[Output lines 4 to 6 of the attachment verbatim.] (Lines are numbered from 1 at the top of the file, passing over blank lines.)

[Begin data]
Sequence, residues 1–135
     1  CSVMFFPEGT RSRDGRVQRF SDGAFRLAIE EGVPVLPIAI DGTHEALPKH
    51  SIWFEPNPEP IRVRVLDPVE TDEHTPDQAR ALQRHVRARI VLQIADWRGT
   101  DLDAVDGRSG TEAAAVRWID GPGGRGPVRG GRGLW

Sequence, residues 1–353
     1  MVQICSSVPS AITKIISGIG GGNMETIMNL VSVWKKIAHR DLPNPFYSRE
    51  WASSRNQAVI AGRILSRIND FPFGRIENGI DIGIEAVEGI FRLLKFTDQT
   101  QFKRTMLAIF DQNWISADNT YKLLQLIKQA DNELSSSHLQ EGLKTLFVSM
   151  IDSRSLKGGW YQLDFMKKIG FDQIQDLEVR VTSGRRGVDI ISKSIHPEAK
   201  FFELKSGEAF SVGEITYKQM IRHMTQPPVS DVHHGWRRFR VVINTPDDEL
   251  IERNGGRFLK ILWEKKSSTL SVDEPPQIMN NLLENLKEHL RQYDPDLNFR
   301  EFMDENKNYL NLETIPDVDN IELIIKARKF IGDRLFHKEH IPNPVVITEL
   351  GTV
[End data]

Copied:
   101  DLDAVDGRSG TEAAAVRWID GPGGRGPVRG GRGLW

Sequence, residues 1–353
     1  MVQICSSVPS AITKIISGIG GGNMETIMNL VSVWKKIAHR DLPNPFYSRE